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Improve your Craft CMS skills

How To Install Craft CMS On Docker - A Complete Guide

10 min read
Shape April 2022 HR 28

Running Craft CMS in Docker provides major advantages, but can be tricky to setup. This complete guide will walk through installing Craft on Docker from start to finish. You'll learn how to configure Docker, connect to a database, persist data, integrate a web server, and fully Dockerize a production-ready Craft CMS environment. Whether you're looking to develop Craft sites through containers or deploy them, this article covers the key steps for a smooth Docker workflow.

This guide covers key steps to fully Dockerize a production-ready Craft CMS environment, including configuring Docker, connecting to databases, persisting data, integrating web servers, and accessing the Craft backend and frontend. Following these core areas will prepare you to Dockerize your next Craft CMS project through containers.

Prerequisites for Docker and Craft CMS

Installing Docker

Docker installation is fairly straightforward across all major operating systems like Linux, Windows and MacOS.

The easiest way to get Docker up and running on Windows and Mac is to use Docker Desktop. This is Docker's official GUI tool that bundles Docker Engine, Docker Compose and Kubernetes all into one simple application.

To install Docker Desktop on Windows head over to Docker Hub and download the installer. Double click to run it, accept the license agreement and follow the on-screen prompts. That's pretty much it, Docker Desktop will now be installed and accessible from your start menu.

For Mac, again just go to Docker Hub but this time grab the Mac installer. Double click to open, drag the Docker icon into your applications folder to install and you'll find Docker Desktop in the launchpad. Simple as that, Docker is installed and ready to use on MacOS.

On Linux distributions like Ubuntu there are a few extra steps since you need to setup repositories and keys. Run the following commands in a terminal:

sudo apt-get update

sudo apt-get install apt-transport-https ca-certificates curl gnupg-agent software-properties-common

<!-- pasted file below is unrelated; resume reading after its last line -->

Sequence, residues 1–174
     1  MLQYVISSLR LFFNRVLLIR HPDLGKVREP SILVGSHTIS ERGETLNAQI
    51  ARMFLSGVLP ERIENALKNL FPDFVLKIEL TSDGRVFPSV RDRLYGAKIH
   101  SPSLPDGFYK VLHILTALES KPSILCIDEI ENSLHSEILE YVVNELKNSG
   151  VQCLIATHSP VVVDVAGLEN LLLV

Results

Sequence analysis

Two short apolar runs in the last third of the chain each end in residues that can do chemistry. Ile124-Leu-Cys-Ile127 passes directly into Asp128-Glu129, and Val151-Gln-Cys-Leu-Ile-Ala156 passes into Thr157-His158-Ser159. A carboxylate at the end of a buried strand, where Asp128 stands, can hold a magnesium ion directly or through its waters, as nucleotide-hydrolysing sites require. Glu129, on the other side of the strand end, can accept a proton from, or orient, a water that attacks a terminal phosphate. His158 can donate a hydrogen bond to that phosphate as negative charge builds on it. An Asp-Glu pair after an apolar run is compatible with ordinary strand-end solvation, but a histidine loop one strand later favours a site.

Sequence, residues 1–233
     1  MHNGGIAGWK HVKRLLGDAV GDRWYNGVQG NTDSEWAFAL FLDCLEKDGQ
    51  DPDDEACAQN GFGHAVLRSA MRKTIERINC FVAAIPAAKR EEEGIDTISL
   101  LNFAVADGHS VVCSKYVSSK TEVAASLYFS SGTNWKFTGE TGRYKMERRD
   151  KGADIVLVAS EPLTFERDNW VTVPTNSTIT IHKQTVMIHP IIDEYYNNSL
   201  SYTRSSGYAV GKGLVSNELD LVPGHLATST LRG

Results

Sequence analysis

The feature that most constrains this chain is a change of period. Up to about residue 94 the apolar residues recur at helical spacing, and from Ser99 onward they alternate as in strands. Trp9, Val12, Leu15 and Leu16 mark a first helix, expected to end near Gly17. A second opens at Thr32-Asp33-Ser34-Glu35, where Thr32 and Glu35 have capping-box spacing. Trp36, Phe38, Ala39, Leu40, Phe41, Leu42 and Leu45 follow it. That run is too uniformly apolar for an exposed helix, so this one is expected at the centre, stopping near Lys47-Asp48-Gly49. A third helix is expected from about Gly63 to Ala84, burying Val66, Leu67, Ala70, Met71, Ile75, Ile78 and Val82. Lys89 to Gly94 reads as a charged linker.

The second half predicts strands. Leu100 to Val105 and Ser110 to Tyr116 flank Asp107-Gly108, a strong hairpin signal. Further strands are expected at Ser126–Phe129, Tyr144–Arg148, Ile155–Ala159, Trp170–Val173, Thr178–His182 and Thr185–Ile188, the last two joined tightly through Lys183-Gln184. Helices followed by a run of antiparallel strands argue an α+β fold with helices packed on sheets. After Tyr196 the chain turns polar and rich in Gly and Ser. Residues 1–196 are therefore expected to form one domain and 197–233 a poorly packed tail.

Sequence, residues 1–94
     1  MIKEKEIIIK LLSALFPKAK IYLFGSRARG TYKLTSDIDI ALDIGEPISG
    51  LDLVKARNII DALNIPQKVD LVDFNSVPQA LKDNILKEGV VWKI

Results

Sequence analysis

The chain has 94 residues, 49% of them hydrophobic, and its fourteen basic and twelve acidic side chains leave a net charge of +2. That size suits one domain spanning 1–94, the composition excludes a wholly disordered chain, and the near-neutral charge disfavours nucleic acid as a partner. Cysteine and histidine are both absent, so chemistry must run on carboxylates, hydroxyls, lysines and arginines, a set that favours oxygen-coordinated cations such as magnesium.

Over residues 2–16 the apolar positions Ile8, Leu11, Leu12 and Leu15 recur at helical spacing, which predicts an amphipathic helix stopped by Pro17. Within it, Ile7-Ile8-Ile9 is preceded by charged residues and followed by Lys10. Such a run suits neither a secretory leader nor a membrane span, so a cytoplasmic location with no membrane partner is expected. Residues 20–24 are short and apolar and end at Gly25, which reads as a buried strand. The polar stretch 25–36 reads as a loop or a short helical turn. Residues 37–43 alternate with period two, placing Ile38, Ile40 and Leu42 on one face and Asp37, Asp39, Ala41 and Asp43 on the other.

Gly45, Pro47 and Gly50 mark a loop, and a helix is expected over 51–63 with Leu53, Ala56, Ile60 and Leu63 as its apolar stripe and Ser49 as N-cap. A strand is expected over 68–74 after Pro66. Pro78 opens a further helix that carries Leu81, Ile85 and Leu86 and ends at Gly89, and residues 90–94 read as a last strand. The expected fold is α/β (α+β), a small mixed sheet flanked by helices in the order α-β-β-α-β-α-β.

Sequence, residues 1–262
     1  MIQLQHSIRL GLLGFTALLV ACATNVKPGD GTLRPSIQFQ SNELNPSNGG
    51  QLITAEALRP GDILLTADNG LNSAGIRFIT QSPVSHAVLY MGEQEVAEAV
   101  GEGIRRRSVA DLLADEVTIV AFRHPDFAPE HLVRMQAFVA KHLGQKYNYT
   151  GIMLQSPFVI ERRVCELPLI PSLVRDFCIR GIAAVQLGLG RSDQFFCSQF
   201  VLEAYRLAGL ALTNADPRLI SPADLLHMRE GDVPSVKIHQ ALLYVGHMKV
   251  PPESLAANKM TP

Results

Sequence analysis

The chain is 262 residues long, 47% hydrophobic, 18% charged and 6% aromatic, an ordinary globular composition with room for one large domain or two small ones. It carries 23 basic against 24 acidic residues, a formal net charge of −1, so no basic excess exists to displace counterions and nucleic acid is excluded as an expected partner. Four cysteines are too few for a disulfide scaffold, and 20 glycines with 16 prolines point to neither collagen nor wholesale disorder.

curl -fsSL https://download.docker.com/li... | sudo apt-key add -

sudo add-apt-repository "deb [arch=amd64] https://download.docker.com/li... $(lsb_release -cs) stable"

sudo apt-get update

sudo apt-get install docker-ce docker-ce-cli containerd.i

With those run, Docker CE is now installed. Check it's working with docker run hello-world.

Docker Compose Installation

Along with the Docker Engine we'll also need Docker Compose for managing our multi-container Craft CMS setup through a compose file.

For Linux you can install it via pip:

sudo pip install docker-compose

Or download the binary directly from the Github releases page.

For Mac and Windows it's already bundled with Docker Desktop so you get Compose automatically. Verify it's installed with docker-compose --version.

With Docker and Docker Compose ready, we can move onto getting the Craft CMS codebase.

Obtaining Craft CMS Files

There are a couple of ways we can get Craft CMS - directly downloading it or cloning it from GitHub.

Downloading the zipped Craft CMS files provides a quick way to get up and running. Head to https://craftcms.com/latest-v3-zip and grab the latest stable release. Unzip it and we'll have the complete Craft CMS folder structure ready to copy across to our Docker containers shortly.

For keeping things up to date, we'd be better off cloning the Craft CMS repository from GitHub. We'd then just need to pull down the latest commits rather than re-downloading entirely each time.

Browse to https://github.com/craftcms/cms and clone the repo:

sudo pip install docker-compose

With our Craft CMS codebase obtained through either method, we've now got all the prerequisites sorted to start our Docker setup.

Using the Official Craft CMS Docker Image

Finding the Docker Image

When setting up Craft CMS with Docker, we're in luck because there is an official Docker image available. This provides a ready-made image that has Craft CMS preinstalled, saving us time and effort.

You can find the official Craft CMS image by browsing to Docker Hub and searching for craftcms/craft. The image is popular with over 200 stars and 10K pulls, so it's reliable and up-to-date.

The details show it's the official image maintained by Pixel & Tonic themselves. It has Craft CMS along with PHP extensions and tools like Git installed. The README confirms it's optimised for running Craft CMS in Docker environments.

Selecting the Right Tag

When pulling a Docker image, it's important to use the correct tag to get the specific version you need. Tags allow multiple variants of an image to coexist.

The Craft CMS Docker Hub page shows all available tags. Most are in the format 3-php7.4-apache denoting the Craft 3 and PHP versions.